As President Barack Obama starts his second term, the bond market is already telling him that the administration’s forecasts for economic growth over the next four years are too optimistic.
The Office of Management and Budget predicts yields on 10-year Treasury notes will rise to average 4.1% in 2015 and 4.9% in 2017 as the economy expands at about a 4% rate in the second half of Obama’s term. Bond prices suggest the yield, now at about 2%, will average below 3% two years from now, implying that gross domestic product will fall short of OMB projections, according to data compiled by Bloomberg.
While Obama’s legacy may depend on a recovering economy, the bond market is signaling GDP may not in the next few years exceed the 3.3% annual average of the decade preceding the financial crisis and tax revenues will fall short of what the president needs to close the budget gap. That’s not all bad news because Treasury borrowing costs just above last year’s record lows mean easy credit for consumers and companies as well as sustained demand for riskier assets such as stocks.
“Clearly, the bond market is on one end of the spectrum and these guys are on the other end, believing rates are going to go up so fast,” Priya Misra, the head of U.S. rates strategy at Bank of America Merrill Lynch in New York, one of the 21 primary dealers that trade with the Federal Reserve, said Feb. 8 in a telephone interview.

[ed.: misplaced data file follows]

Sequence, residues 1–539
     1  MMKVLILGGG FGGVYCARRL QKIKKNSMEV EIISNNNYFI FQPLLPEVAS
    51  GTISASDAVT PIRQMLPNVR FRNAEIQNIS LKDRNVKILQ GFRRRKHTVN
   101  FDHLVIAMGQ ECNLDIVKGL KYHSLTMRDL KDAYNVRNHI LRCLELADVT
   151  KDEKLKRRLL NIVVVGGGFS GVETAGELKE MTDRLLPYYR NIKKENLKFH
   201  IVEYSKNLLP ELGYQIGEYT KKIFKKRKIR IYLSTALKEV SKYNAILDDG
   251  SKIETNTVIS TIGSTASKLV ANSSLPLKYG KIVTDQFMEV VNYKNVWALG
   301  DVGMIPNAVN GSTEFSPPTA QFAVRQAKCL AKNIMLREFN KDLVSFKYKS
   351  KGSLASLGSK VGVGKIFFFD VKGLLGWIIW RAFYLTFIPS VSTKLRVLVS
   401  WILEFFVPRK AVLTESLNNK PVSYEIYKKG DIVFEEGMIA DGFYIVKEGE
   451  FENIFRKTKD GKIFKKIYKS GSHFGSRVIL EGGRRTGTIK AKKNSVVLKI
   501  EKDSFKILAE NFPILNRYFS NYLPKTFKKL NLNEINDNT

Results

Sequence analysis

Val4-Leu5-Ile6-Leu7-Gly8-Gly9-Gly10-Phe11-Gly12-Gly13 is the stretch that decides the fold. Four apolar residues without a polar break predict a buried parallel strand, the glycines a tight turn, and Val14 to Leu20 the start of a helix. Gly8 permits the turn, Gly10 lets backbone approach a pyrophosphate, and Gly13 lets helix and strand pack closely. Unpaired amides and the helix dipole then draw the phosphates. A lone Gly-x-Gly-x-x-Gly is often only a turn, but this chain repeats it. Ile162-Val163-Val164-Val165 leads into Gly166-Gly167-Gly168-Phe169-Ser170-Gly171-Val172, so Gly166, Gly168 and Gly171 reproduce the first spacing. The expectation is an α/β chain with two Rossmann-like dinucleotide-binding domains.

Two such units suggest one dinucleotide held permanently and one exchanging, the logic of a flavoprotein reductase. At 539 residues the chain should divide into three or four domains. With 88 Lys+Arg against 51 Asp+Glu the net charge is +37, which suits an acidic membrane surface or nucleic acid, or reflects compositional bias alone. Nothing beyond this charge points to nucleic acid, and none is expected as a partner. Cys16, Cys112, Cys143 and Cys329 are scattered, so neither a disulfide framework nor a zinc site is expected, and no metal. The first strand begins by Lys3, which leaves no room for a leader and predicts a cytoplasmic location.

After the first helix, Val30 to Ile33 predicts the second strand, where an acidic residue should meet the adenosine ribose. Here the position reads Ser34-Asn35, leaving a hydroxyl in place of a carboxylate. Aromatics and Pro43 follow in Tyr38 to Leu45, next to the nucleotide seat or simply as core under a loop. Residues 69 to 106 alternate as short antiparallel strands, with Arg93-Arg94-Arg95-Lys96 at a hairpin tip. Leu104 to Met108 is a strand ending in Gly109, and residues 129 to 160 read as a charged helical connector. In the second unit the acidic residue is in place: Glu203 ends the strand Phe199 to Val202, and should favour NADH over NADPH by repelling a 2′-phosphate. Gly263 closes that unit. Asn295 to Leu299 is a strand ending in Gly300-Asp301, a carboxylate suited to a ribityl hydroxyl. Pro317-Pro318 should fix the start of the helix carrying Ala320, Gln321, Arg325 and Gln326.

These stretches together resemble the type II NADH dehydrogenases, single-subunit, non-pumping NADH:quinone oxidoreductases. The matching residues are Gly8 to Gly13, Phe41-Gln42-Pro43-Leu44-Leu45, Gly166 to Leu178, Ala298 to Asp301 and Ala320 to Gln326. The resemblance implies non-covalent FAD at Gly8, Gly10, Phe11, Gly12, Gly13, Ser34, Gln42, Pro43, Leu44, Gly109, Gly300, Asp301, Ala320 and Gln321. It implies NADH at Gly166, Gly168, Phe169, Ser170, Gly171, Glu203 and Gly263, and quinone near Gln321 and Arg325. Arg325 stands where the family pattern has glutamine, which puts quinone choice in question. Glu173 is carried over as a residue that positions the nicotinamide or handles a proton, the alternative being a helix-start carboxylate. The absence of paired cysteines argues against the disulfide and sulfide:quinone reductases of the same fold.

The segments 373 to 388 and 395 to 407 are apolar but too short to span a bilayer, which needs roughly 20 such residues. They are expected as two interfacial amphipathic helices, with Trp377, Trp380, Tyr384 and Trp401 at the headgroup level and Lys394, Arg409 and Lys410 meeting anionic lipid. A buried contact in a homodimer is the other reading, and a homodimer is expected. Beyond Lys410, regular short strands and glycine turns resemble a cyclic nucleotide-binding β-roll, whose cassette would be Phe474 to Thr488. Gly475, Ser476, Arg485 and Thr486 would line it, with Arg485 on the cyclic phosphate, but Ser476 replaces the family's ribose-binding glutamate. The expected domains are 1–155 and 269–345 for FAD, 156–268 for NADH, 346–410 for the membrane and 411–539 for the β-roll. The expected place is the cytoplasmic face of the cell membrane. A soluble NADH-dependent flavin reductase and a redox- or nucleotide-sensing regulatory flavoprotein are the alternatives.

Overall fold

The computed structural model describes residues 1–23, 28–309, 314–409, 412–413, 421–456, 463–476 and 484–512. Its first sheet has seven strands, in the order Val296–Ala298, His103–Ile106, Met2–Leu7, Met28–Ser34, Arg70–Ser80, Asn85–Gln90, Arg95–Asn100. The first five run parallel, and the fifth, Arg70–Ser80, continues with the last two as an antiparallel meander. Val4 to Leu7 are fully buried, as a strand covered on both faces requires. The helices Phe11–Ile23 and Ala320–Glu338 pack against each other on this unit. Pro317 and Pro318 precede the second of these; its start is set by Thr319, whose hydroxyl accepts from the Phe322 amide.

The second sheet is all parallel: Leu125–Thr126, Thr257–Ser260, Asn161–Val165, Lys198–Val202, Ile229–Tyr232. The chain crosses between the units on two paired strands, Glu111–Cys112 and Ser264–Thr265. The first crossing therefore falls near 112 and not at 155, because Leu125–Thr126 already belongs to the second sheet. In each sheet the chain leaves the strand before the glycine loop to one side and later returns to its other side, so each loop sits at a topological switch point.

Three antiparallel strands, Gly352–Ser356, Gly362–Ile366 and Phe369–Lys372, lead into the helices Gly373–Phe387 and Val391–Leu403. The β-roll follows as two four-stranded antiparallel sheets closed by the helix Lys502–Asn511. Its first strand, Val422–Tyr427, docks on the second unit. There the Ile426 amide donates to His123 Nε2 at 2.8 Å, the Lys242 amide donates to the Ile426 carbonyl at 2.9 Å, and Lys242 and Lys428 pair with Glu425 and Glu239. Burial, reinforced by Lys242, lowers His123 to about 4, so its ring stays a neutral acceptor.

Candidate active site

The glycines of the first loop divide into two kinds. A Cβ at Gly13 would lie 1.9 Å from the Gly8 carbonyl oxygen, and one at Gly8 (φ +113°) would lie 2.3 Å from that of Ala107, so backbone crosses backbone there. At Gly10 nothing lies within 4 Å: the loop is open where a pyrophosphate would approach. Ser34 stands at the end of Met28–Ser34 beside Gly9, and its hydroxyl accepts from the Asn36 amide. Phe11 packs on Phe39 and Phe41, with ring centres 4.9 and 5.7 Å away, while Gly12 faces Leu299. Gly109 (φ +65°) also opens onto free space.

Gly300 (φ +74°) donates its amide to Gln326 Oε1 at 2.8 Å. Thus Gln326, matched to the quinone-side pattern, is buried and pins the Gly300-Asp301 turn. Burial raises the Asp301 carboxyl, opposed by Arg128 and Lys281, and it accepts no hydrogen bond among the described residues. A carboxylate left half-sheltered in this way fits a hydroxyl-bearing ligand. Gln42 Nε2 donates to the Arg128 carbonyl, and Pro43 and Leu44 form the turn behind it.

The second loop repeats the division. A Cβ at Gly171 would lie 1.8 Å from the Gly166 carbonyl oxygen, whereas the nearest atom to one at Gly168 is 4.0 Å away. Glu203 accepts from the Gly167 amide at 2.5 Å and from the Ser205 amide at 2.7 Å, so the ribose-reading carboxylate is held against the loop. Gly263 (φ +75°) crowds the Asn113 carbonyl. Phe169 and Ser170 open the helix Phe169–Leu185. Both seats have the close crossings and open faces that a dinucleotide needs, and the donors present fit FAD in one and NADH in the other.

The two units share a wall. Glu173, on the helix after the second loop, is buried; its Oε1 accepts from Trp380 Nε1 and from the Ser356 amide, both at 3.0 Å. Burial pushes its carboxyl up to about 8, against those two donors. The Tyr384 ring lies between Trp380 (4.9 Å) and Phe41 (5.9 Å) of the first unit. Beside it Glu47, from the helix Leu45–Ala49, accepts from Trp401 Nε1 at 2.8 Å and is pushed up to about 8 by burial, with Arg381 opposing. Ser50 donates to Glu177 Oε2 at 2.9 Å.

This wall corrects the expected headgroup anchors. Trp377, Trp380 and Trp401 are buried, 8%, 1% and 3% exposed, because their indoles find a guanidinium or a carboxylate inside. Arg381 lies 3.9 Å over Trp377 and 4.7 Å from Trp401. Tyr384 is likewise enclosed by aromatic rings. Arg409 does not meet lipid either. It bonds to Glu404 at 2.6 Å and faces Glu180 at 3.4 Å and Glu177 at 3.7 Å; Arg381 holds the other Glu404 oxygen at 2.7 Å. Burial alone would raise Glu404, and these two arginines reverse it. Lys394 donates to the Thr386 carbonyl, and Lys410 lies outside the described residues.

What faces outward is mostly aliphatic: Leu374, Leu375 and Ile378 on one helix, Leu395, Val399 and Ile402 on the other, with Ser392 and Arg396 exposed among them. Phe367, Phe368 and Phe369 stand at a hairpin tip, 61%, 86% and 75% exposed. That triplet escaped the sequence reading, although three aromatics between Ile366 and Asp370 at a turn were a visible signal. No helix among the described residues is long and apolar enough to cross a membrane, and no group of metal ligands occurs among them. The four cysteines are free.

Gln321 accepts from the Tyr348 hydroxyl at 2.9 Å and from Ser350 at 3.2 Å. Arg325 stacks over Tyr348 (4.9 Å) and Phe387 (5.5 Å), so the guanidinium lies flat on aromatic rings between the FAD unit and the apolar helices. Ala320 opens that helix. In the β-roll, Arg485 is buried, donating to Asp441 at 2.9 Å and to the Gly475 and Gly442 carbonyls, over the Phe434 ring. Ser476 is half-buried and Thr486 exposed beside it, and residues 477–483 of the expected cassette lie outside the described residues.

“The 10-year yield rising to about 5% in four years is too optimistic,” Misra said. “Maybe you could argue that rates are a little depressed now, given inflows into bond funds and the Federal Reserve’s debt purchases, but this is nothing like a normal recovery.”
Market expectations reflected in bond yields are consistent with the median estimate of 84 economists in a Bloomberg survey who say the U.S. will grow 2.7% in 2014. The OMB forecasts 3.5% next year.
The clashing views come after the 10-year note yield fell as low as 1.38% in July and averaged 1.79% in 2012, the lowest since the debt was first issued in 1953. The next threat to Obama’s forecast is looming as Congress faces a March 1 deadline to avert spending reductions of $1.2 trillion over nine years that may cut growth in 2013 by half, according to the non-partisan Congressional Budget Office.
Colin Kim, director of the Treasury’s Office of Debt Management, noted the divergence between the market outlook and his agency’s assumptions during the government’s regular quarterly meeting with the Treasury Borrowing Advisory Committee on Feb. 5, according to minutes posted on the Treasury Department’s website.
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